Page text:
First published in Victory Review, January 2000.
Singing intervals is a great way to improve your musical ear, whether you're a singer or instrumentalist. For some intervals, though, it's easier said than done. A time-honored trick is to sing the beginning of a specific song that contains a desired interval in the first two notes. For example, the first two notes of "Over the Rainbow" form an ascending octave. Other songs can be used in a similar way to produce other intervals.
The chart below lists songs whose first two notes form specific intervals.
Most of the songs are in major keys (some are minor). The scale tones
are given in parentheses, using the following shorthand: 1d = the first
major scale tone, or "doh"; 2r = "ray"; 3m = "me";
4f = "fa"; 5s = "so"; 6l = "la"; and 7t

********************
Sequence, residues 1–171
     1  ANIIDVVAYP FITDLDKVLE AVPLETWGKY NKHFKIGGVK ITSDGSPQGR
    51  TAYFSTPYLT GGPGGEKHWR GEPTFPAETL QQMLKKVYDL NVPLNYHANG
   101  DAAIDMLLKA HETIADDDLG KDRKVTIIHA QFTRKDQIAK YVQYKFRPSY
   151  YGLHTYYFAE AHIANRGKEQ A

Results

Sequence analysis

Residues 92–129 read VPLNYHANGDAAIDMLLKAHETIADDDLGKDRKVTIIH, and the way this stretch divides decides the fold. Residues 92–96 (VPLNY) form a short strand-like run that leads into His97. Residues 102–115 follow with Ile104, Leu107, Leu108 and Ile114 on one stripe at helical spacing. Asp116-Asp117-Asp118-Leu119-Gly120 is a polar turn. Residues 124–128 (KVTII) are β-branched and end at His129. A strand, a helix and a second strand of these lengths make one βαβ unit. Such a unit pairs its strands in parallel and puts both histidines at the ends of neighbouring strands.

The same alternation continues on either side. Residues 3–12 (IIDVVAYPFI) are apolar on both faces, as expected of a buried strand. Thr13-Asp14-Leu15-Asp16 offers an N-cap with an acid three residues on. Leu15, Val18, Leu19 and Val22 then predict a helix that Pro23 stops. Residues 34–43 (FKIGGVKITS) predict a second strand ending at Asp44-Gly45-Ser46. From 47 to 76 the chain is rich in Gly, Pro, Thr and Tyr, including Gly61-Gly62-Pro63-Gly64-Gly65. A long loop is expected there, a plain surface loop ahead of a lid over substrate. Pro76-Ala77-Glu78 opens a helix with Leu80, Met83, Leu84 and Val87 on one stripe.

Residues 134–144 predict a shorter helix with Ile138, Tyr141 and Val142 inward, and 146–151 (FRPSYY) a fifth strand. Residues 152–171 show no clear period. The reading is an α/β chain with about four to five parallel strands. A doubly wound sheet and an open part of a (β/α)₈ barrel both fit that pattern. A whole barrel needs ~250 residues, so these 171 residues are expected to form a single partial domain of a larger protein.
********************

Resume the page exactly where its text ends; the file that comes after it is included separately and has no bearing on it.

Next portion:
= "tee." Whenever possible, 1d is one of the two melody notes,
so you can relate the interval to the key the song is in.
Min 2nd up: "I Love Lucy" (7t - 1d); "White Christmas"
(3m - 4f)
Maj 2nd up: "Frere Jacques"; "Do-Re-Mi" (both
1d - 2r)
Min 3rd up: "California Dreamin" (1d to min3);
Maj 3rd up: "Kumbaya"; "I Thought About You"
(both 1d - 3m)
4th up: "Love Me Tender"; "All the Things You Are"
(both 5s up to 1d)
5th up: "Chim Chim Cher-ee"; "My Favorite Things"
(both 1d - 5s)
Min 6th up: "Black Orpheus" (5s up to min3)
Maj 6th up: "Jingle Bells" ("dashing...") (5s
Maj 7th up: Use 1st & 3rd notes of "Over the Rainbow"
Octave up: "Over the Rainbow"; "The Christmas Song"
(both 1d - 1d)
© Copyright 2000 by Richard Middleton.
All rights reserved.
Richard Middleton is a musician, songwriter, producer, educator, and writer based in Seattle. He is the author of "Rhythm Guitar Secrets" (Countersine), and his music writing has also appeared in Smithsonian magazine, Victory Review, and SingOut! magazine.
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